2019 Social Security and VA Changes

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In the fall, the Social Security Administration (SSA) shares policy adjustments that will occur the following year in the program. This directly affects the VA monthly benefit amounts, as the VA takes into account inflation and higher costs of living.

For the SSA, higher payments were sent out as early as December 31, 2018, but all changes technically began January 1, 2019. Here are the adjustments.

Cost of Living Increase

In January, those who qualify for social security benefits and VA benefits will automatically receive more due to the increased expense of living. This cost of living adjustment (COLA) will increase monthly benefits by 2.8%. The increase will be approximately $39, which works out to $468 per year. How does someone know if they qualify for VA benefits? If honorable military service caused an injury, it’s likely the veteran qualifies.

A Rise in Earnings Limit

The income limit for individuals who have reached retirement age (62 — 67 years old) but are still working and eligible for social security is $17,640, prior to the SSA subtracting $1 when you earn $2. The year that an individual will reach the full age of retirement, the yearly earning maximum is $46,920 prior to the SSA subtracting $1 when you earn $3. This changes in the month of your birthday when you turn the age of full retirement. Individuals with birthdays from 1943 to 1954 can retire at 66. The very soonest that someone can start receiving their benefits is age 62, but they will only receive a percentage of their full amount because they will be receiving it longer.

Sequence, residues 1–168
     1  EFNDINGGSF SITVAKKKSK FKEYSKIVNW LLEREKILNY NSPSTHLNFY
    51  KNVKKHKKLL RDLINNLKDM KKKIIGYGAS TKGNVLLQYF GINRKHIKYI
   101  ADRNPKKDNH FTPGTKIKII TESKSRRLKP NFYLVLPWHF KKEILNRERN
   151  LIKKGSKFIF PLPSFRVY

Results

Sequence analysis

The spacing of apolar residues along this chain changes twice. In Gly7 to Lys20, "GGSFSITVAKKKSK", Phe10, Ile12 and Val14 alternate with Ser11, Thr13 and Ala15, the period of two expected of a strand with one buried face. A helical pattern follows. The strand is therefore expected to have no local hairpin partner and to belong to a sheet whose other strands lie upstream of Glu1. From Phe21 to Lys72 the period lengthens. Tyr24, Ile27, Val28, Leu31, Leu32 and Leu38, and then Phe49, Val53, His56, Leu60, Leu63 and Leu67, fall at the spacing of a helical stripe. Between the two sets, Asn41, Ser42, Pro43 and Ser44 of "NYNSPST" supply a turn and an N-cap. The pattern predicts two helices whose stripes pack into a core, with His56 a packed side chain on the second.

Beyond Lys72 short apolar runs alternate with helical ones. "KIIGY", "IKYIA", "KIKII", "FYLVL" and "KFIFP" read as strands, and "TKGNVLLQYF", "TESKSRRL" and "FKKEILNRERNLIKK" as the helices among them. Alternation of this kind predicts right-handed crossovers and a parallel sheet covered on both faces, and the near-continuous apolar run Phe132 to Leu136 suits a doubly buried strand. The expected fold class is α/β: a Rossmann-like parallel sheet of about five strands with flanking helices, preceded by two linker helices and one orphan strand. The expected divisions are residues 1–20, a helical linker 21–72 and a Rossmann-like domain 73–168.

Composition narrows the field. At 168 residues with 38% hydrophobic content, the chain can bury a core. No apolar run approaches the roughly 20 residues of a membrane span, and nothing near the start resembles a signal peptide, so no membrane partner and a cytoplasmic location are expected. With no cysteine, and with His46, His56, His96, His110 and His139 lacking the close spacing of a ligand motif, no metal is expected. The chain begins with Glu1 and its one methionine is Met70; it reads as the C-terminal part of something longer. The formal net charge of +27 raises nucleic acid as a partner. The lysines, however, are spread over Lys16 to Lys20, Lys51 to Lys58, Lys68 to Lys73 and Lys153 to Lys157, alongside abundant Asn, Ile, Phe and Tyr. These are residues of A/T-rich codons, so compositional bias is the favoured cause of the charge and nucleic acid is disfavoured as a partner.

Tax Cap Expanded

To offer SSA benefits to everyone eligible, adjustments needed to be made to the tax cap. Since social security is funded by employee’s income taxes, the cap on income affected needed to be expanded slightly. Currently, 6.2 of an employee’s paycheck is allocated to SSA benefits. Employers also pay this amount. This percentage will remain the same in 2019. However, there is a limit on how much income can go toward the SSA. Last year, the income limit was $128,400. In 2019, the tax cap will affect those who make up to $132,900. To even this out, the maximum earnings limit is also increased to allow for more income.

Increased Earnings for a Work Credit  

In 2019, one work credit (for three months of social security payments) will require $1,360 of earned income. The SSA uses credits to evaluate whether or not someone qualifies to receive benefits. With yearly earnings of more than $5,440, at least four credits will be allotted to an individual’s total income. Typically, 40 credits are required to qualify for benefits.

Beneficiaries Will Receive Increased Supplemental Security Payments

The payment increases $21 every month (for January, it’s $771). SSI provides help to those with disabilities, the blind, and aging who can’t earn much of an income on their own. This program aids with monetary support to be used on shelter, clothing, and food.